If you still have grime to remove, replace the nylon bristle brush with a brass bristle brush. They’re more aggressive and so ideal for any gunk accumulations that are really stuck on.

Use the brass brush with your steam cleaner and repeat the grout cleaning process of moving over each area that needs extra attention.

But be careful with this attachment as the brass bristles might damage some types of tile. So only use it where needed and gently scrub without applying too much pressure.

04 Wipe Tiles Down and Allow to Dry

Thanks to your steam cleaner, your floor tiles and shower tiles will be clean, sanitized, and deodorized all in one go. This means that you don’t need to rinse your tile floor or shower.

They should dry quickly without leaving any excess residue or moisture.

However, if there is excessive dirt, finish your grout cleaning process by using a microfiber cloth. For this, wipe the cloth over all the surfaces. Let the area dry.

05 Seal Your Grout

If your grout is unsealed, it’s more likely to get embedded dirt and discoloration. This is why it’s always a good idea to seal unsealed grout as soon as possible.

Act quickly, within 24 hours max after the grout has been applied. This way you know your floor isn’t left unprotected and exposed to dirt and oil.

If you decide to seal your grout, pick from two types of sealer. Each has benefits and disadvantages:

  • The first is a penetrating sealer, which repels water and anything water-based by chemically bonding with the grout.
  • The second is a topical sealer. This coats the grout’s surface and repels almost everything that your grout might be exposed to – but they are gradually worn away by foot traffic over your tile flooring.

You’ll need to re-apply this grout sealer frequently – at least once a year.

What To Do When Steam Cleaning Isn’t Enough?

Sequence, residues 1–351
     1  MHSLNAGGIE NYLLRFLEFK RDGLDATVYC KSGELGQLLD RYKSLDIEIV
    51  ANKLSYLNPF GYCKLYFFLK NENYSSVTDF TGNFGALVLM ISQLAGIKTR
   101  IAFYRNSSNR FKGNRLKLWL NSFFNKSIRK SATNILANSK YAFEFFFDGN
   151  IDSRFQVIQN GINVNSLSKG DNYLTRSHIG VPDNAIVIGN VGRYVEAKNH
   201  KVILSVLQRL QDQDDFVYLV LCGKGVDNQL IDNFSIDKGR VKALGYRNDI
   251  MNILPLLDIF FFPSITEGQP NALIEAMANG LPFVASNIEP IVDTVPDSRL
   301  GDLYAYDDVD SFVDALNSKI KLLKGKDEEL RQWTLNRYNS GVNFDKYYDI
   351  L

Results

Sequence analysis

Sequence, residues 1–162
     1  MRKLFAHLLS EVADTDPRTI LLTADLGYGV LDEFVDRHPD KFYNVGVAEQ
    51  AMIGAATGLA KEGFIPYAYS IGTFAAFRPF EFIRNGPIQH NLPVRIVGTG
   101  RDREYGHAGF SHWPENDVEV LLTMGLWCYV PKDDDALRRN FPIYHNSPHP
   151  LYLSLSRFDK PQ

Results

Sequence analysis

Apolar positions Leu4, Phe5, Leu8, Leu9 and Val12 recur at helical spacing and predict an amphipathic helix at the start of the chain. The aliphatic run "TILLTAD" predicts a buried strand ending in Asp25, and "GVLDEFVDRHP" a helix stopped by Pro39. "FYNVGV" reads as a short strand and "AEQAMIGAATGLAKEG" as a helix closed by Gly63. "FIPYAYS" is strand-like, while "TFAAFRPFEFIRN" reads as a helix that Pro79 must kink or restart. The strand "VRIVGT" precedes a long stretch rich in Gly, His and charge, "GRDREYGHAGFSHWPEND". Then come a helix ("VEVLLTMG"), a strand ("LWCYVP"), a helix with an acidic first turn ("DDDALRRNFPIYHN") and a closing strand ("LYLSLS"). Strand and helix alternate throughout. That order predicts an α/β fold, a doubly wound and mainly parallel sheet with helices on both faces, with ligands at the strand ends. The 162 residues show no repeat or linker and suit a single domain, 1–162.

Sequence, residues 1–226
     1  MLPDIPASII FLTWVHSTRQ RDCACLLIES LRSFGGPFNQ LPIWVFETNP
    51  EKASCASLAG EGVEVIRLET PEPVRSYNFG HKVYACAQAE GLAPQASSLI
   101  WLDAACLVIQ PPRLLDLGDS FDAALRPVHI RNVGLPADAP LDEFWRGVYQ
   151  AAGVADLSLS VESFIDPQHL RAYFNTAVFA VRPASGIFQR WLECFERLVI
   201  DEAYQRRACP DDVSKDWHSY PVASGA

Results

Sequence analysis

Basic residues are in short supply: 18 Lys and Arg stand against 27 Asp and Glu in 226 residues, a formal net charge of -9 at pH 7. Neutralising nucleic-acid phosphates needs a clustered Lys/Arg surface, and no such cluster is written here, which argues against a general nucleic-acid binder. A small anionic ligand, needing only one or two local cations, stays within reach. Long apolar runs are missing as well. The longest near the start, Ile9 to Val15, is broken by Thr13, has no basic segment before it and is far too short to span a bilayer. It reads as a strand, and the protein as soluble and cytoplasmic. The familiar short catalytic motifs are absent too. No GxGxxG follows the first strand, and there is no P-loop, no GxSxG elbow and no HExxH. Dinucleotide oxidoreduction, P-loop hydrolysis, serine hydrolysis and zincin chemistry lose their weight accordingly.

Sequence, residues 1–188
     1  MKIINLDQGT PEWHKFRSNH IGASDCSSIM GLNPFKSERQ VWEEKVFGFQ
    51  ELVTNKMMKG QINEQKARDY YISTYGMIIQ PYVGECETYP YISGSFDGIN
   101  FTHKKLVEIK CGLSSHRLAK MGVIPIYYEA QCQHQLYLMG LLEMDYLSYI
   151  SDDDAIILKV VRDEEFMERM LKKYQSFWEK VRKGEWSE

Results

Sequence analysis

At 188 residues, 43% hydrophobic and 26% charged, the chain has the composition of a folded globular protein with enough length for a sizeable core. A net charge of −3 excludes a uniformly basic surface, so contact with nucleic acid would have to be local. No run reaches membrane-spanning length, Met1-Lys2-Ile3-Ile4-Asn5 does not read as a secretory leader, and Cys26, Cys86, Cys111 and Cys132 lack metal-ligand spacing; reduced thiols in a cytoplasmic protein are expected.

Call a Professional

First, call professional grout cleaning services.

A professional can more effectively remove stains from your tile and grout and make it look like new again with its natural color back. They usually use professional tools such as a professional steam cleaner.

A professional grout cleaner can also apply a color seal to your grout lines. This will offer protection to your grout and lessen the amount of embedded dirt and mold that can get into it.

You can also get advice from a professional on what cleaning products are best suited for your grout like these grout removal tools.


Use a Grout Colorant

If your steam cleaner can’t return your grout to its original color, you can use a “grout stain”.

You can buy a grout colorant from some grout manufacturers. Or, the manufacturers might recommend brands that make stains that’ll work on their grout.

However, grout stains will work best on unsealed grout. If your grout is sealed or has been cleaned with oil-based soaps such as Pine-Sol or Murphy’s Oil, you’ll face issues to color it.

Colorants are epoxy-based and designed specifically to penetrate into your grout. They’ll seal the grout surface with a permanent color. Once you’ve colored your grout with a stain, you don’t need to seal it with anything else.

In any case, test a small area first with a grout colorant. It won’t look the same once applied.

Make sure you like the color before you apply it to all of your shower walls or ceramic tiles.


Replace the Grout

If you still don’t have clean grout, the last resort is to replace it. In other words, cutting the grout out and reapplying a new one.

Be careful if you opt for this choice – you don’t want to loosen or damage your tiles.

Usually, you can’t put new grout over the old lines without cutting it out first. If there are mold or dirt particles still on the old grout, these might prevent the new grout from being applied properly.